Don’t expect to see fully autonomous vehicles in auto showrooms anytime soon. That's according to an informal poll of 300 automotive, energy and technology executives conducted at Bloomberg New Energy Finance’s Future of Mobility Summit last week in East Palo Alto.

Mobility insiders were asked to name the year when U.S. consumers will be able to buy Level 5 fully autonomous vehicles. Nearly 75 percent of respondents to the live poll said the milestone won’t be reached before 2030, and 40 percent said it will come after 2030.

The summit attendees were more pessimistic about the prospects for commercial-scale autonomy than recent automaker announcements suggest. According to BNEF, based on public statements, the consensus among major automakers is that commercial deployment of Level 4 autonomous vehicles will start around 2020; five years later, Level 5 fully autonomous vehicles will likely roll out.

The poll results suggest that the commercial deployment of fully autonomous vehicles is further away than it's depicted in breathless media coverage of self-driving cars -- a view that was shared by a panel of mobility experts. 

“This poll makes me happy because four years ago, even two years ago, this would have been completely different,” said Annie Lien, an independent analyst specializing in autonomous vehicles. “It would have been that everyone thought it would be 2020, or a majority would have thought it was 2020 because people didn’t understand what true Level 5 is, and there were a lot of misconceptions.”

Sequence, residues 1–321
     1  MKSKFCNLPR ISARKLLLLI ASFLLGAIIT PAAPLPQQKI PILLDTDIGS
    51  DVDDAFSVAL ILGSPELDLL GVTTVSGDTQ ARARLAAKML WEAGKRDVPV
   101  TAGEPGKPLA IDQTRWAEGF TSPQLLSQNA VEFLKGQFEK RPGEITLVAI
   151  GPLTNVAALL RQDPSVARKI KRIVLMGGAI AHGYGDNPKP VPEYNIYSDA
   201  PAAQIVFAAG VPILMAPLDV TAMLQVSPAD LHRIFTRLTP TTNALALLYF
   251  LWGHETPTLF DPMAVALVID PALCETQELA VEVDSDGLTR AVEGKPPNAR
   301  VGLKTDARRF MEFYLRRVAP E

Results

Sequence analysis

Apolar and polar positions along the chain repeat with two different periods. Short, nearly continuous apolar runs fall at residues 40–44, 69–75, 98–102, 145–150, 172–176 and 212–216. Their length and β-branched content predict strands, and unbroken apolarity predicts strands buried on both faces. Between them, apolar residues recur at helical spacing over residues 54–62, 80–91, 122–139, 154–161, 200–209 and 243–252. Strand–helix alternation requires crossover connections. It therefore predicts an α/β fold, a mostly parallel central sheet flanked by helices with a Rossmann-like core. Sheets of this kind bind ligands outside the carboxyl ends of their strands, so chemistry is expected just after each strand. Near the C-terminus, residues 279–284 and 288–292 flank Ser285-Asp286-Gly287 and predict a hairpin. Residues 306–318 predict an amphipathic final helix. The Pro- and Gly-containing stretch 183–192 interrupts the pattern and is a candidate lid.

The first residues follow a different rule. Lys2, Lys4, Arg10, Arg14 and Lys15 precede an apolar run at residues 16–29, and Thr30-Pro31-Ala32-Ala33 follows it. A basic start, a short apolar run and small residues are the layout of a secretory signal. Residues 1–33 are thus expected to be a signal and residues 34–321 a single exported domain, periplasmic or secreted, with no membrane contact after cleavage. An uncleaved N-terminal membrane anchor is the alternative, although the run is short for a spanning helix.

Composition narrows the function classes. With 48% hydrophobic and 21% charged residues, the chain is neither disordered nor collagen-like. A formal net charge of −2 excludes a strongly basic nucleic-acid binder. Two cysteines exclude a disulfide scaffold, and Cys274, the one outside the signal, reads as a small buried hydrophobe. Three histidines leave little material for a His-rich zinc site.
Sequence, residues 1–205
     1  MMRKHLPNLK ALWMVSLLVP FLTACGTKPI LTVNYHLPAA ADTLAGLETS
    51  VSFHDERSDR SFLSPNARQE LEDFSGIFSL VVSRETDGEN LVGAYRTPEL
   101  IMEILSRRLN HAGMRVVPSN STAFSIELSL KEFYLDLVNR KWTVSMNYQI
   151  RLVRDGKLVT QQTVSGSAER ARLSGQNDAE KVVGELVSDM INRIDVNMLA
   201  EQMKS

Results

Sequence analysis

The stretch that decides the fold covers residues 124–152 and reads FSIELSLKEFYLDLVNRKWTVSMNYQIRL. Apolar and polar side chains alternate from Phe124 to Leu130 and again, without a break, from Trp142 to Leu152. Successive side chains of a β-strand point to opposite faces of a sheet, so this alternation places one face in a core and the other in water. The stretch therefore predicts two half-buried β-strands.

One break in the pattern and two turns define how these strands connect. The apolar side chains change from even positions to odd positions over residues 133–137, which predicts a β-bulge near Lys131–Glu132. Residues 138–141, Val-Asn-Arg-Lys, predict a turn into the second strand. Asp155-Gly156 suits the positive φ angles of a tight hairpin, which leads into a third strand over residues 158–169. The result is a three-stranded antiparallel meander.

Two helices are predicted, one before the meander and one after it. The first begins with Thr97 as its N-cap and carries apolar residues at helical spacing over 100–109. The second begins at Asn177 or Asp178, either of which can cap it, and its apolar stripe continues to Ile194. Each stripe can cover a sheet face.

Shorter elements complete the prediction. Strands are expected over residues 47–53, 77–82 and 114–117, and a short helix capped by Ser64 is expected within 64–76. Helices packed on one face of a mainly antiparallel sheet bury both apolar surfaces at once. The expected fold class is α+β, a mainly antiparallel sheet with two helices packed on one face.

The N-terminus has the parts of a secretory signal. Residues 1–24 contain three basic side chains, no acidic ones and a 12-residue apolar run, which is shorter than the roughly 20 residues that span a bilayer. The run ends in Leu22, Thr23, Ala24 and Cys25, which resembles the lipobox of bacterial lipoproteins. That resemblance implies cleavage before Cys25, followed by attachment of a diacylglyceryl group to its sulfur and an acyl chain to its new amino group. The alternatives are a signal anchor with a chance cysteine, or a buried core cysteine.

“I’m very glad to see this also,” said Carina Borelius, director of product strategy at Lynk & Co. “It shows that we are realistic. It’s a stepwise approach that we are looking for because safety legislation and attitudes and trust, they need to go forward together; otherwise, we will never, ever achieve this.”

“Automation is going to come,” said Matthew Baldwin, deputy director-general of mobility and transport for the European Commission. “I just don’t think any of us know exactly when or how, or to what extent. Anyone who tells you definitively either has access to different information or isn’t necessarily telling you the whole truth.”

State of play on autonomy